Why would a Claimant try this when the issue has obviously been litigated? The answer is that often times, when issuing an Award, the ALJ may well set out a roadmap of what the Claimant did wrong in the claim. Armed with this roadmap, the Claimant might then try to rectify the mistakes, and create enough evidence to satisfy his burden the second time around. For example, the Judge may have found that the Claimant has work restrictions, was terminated for cause, and failed to satisfy his Maloneyburden to show a diligent job search.
Having all this pointed out to him, the Claimant can now go out, and try to make a diligent job search, by disclosing his restrictions, applying for appropriate jobs, and keeping a record of those jobs where was turned down because of his restrictions.
By requesting benefits from the date after the Award, as opposed to the earlier requested date of injury, the Claimant is attempting “change” the issues enough to avoid a defense of res judicata.
We maintain that this is unfair, and not at all within the prescribed methods of disputing an Award. If the Claimant is not satisfied with an ALJ Award, the Act allows for them to file a Motion for Reconsideration, or even an appeal to the Appellate Division. In either of those cases, there is a procedural allowance for the Claimant’s position to be reconsidered. But by requesting a hearing over the same issues, with a mere date change, the Claimant is trying to force the Board to continue to have jurisdiction over a matter that had already been disposed of. And with the exception of an appeal or a Motion to Reconsider, the only other time the Board has continuing jurisdiction is where there has been a change of condition (based on the same accident date), and the facts support an actual change. Gaddis v. Ga. Mountain Contractors, 213 Ga. App. 126; 443 S.E.2d 710 (1994).
As defense attorneys, we understand that there may be bona fide circumstances where the Claimant’s case may well need to be revisited by the Board. We often request hearings to show a change of condition for the better; for example where, in an accepted claim, the Claimant has been released to light-duty, suitable work is available with the Employer, and the Claimant has unjustifiably refused the employment. But this is totally different than trying the same claim, with the same facts, with the same date of accident, and merely changing the date for when benefits are requested.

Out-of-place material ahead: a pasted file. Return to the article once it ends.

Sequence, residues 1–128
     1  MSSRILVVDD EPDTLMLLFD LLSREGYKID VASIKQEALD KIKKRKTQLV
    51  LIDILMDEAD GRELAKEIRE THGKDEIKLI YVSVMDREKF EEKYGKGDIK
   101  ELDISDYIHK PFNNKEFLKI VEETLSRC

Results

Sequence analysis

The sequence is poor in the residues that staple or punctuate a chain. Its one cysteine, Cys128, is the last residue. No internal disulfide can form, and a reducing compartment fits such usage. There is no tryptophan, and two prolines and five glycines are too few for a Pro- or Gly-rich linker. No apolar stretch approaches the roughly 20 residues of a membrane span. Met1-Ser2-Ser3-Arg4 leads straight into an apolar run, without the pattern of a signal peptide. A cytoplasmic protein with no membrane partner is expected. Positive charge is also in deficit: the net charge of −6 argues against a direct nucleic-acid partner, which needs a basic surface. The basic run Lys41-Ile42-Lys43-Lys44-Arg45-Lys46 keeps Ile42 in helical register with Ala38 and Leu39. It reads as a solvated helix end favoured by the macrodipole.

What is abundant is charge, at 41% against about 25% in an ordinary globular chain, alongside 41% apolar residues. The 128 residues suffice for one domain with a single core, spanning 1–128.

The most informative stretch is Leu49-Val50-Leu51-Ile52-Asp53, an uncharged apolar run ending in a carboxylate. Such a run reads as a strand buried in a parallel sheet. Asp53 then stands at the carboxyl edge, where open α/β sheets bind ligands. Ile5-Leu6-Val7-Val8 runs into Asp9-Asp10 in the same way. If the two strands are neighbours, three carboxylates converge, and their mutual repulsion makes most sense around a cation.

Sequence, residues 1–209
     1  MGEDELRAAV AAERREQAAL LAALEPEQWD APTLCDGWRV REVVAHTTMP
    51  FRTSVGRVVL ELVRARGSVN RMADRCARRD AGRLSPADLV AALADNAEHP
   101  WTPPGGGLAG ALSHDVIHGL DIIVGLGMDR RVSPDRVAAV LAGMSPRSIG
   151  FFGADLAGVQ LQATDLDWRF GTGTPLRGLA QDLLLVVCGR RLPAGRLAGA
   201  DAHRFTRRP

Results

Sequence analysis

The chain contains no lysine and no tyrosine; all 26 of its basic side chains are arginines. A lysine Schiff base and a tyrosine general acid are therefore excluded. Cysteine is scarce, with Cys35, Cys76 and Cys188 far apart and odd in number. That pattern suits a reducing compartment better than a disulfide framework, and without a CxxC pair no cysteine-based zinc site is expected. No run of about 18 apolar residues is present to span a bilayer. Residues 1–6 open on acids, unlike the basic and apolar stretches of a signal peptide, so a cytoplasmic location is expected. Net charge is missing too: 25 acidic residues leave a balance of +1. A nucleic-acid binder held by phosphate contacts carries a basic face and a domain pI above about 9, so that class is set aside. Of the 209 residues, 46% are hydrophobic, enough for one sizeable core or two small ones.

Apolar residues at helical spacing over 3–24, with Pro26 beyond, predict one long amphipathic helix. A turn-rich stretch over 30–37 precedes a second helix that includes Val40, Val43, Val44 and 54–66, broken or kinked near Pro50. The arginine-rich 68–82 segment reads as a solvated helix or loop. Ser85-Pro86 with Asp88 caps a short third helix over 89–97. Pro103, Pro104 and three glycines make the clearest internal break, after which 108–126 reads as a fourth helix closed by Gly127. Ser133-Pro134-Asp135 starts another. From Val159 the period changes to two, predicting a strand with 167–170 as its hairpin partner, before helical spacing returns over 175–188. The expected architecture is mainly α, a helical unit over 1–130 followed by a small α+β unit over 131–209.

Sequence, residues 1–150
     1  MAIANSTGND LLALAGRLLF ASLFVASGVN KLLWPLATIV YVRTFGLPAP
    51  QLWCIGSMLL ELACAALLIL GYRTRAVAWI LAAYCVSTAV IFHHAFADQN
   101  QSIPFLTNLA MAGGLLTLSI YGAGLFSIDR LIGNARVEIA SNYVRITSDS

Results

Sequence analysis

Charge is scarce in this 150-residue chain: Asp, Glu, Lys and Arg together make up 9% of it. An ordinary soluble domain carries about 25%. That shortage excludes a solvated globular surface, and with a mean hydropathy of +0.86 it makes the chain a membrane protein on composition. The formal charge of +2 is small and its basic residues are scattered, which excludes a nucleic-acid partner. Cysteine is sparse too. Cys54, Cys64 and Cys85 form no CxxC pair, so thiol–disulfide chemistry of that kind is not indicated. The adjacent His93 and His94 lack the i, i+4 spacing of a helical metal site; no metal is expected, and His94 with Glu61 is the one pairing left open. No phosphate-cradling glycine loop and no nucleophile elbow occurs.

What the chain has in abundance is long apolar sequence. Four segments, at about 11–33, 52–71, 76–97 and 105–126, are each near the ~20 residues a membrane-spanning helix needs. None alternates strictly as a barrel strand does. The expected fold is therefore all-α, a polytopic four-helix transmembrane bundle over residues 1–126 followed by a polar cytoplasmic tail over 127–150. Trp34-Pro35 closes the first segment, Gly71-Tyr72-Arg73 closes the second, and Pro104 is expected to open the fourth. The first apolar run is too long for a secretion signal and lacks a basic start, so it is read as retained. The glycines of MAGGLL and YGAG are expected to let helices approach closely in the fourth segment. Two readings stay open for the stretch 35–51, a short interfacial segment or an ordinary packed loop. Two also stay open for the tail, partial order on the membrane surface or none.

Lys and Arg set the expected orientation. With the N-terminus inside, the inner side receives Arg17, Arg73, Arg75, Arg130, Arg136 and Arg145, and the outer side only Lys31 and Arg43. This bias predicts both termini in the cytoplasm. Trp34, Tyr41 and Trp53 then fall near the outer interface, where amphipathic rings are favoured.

Our small victories include a recent ruling by the Board, where a Claimant received a judgment from one judge, and attempted to try his claim again before another one. When the second judge issued a Show Cause order directing the Claimant to show why his claim was not barred by the doctrine of res judicata, he could not do so, and the judge dismissed his second hearing request. While the Claimant did not change the dates of benefits in his second request, the reasoning behind the second judge’s decision is applicable even if he did – that unless the parties enter into a new agreement, or there is a change of condition, res judicata will bar his claim from being heard a second time. Complete Auto Transit, Inc. v. Davis, 101 Ga. App. 849 (1960).
As aforementioned, this exact issue has not yet been determined by the Board because the issues have often resolved prior to the hearing. But, from a practical standpoint, when a request for a second hearing on essentially the same issues arises, the Employer/Insurer should file a Motion to Dismiss and raise the res judicatadefense as soon as possible. Otherwise, we face having to re-conduct all sorts of discovery and incur fees and costs in re-trying what is essentially a disposed claim. Hopefully, the Board, when faced with these issues will grant such Motions, and eliminate the chance that the Claimant may take a second bite at the apple.